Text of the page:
Tenant-owner apartments (bostadsrätter) in central Stockholm fell by two percent in April, a new report from Mäklarstatistik shows, with price falls of one percent across the greater Stockholm area.
“Price developments in Stockholm’s inner city set the trend for the housing market across Sweden. The decline may take the price curve down a notch. We shall have to see how the prices develop in May,” said Claudia Wörmann at the Association of Swedish Real Estate Agents (Mäklarsamfundet) to news agency TT.
Prices in central Gothenburg and Malmö however climbed by two and three percent respectively.
According to the SEB bank’s latest property price indicator for May, 54 percent of Swedes expect prices to climb, up from 50 percent in April. The number who expect falling prices declined from 15 percent in April to 13 percent in May, although the survey was conducted prior to the Greek debt crisis.
“Households are more optimistic about the economic cycle and the labour market, and the housing market feels stable. It is too early to read in the effects of the Greek debt crisis on the Swedish housing market,” Wörmann said.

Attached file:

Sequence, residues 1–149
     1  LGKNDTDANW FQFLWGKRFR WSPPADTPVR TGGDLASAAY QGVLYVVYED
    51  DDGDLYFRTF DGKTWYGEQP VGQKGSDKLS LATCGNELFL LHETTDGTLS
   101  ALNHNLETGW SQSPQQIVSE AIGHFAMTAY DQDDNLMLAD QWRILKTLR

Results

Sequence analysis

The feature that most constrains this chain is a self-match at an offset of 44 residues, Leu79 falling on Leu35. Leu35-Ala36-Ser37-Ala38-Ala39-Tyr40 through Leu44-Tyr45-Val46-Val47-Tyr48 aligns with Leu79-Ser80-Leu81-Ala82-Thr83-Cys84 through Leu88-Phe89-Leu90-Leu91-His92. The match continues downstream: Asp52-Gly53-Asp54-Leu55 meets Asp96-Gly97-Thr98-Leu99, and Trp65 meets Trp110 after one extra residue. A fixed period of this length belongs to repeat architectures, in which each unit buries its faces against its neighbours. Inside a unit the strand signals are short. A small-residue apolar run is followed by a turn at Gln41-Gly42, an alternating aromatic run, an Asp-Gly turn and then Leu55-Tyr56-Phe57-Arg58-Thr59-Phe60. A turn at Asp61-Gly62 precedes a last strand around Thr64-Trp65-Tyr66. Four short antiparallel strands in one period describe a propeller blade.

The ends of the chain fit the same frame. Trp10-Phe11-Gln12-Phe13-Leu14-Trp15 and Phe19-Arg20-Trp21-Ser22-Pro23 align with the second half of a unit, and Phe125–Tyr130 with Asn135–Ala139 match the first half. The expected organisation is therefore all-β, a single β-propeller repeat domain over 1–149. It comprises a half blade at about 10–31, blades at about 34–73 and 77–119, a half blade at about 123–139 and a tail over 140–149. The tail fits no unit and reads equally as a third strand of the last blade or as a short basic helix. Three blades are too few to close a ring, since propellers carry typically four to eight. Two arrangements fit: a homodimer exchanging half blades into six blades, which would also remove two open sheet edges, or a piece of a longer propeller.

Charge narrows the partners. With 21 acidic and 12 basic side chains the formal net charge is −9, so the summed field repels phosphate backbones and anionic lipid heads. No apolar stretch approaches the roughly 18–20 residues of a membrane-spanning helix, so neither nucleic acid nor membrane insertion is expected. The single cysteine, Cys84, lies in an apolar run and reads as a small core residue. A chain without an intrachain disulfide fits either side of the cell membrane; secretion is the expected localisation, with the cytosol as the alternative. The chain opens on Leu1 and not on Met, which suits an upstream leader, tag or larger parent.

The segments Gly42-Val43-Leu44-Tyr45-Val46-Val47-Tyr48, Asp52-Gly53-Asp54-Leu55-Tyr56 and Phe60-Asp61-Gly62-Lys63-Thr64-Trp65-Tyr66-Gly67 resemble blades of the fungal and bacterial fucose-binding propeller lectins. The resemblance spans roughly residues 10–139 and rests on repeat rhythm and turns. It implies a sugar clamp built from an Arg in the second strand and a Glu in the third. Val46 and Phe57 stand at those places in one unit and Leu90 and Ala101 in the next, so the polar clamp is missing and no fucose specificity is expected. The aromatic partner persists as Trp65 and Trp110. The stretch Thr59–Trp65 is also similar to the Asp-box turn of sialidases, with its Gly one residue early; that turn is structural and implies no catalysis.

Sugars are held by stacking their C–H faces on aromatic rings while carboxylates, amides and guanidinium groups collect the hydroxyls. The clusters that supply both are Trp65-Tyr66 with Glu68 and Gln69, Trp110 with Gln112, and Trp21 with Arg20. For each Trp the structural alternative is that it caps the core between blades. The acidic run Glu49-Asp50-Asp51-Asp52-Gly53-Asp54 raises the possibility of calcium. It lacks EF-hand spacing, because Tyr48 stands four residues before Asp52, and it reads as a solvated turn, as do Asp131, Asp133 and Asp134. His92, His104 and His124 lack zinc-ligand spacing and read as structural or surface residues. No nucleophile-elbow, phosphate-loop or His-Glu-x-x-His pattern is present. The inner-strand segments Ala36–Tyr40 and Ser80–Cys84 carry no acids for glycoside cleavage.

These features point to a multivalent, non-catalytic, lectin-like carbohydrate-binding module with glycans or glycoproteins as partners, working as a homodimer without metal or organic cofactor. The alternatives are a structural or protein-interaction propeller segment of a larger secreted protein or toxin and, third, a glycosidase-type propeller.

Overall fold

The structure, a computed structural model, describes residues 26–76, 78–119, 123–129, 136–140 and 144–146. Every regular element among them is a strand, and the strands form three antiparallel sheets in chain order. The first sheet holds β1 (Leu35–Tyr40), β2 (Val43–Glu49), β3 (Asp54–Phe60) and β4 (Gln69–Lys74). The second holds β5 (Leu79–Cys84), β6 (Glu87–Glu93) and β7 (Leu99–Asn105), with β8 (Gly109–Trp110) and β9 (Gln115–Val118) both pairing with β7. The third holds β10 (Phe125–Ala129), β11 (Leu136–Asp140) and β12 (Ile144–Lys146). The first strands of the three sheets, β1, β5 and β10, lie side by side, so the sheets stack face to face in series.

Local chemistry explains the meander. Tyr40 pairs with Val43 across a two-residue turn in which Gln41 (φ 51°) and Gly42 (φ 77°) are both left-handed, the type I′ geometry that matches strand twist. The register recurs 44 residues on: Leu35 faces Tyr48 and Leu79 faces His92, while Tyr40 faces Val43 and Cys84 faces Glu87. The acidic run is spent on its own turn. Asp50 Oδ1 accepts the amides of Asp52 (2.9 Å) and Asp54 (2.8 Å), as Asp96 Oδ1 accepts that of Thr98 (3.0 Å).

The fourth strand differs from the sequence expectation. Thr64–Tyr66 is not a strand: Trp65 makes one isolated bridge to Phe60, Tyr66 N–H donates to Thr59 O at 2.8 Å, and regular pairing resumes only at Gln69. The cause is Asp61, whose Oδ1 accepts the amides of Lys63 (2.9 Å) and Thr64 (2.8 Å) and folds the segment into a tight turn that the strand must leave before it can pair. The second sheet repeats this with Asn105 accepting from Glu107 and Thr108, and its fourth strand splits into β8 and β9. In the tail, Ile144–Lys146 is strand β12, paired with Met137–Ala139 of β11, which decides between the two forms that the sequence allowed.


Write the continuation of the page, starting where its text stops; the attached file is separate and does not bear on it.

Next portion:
“There are a lot of people attending apartment showings and it feels as if the market has got going again,” she said.
Most market analysts expect the Riksbank to begin hiking interest rates again in the summer.
“It is difficult to submit a forecast for price developments in the autumn. But I think that most households are very conscious that there will be higher interest rates. It is difficult for anyone to project how the financial debt crisis affecting several countries in southern Europe will develop and impact on the economic cycle,” said Claudia Wörmann.
Over the past quarter prices for houses and tenant-owner apartments across Sweden have climbed by three percent. Over the past year prices have increased by eight and 11 percent respectively.
Mäklarstatistik is a cooperation between the Association of Swedish Real Estate Agents, and estate agents Fastighetsbyrån and Svensk Fastighetsförmedling. The statistics are based on sales contracts covering around 70 percent of the Swedish estate agent controlled market.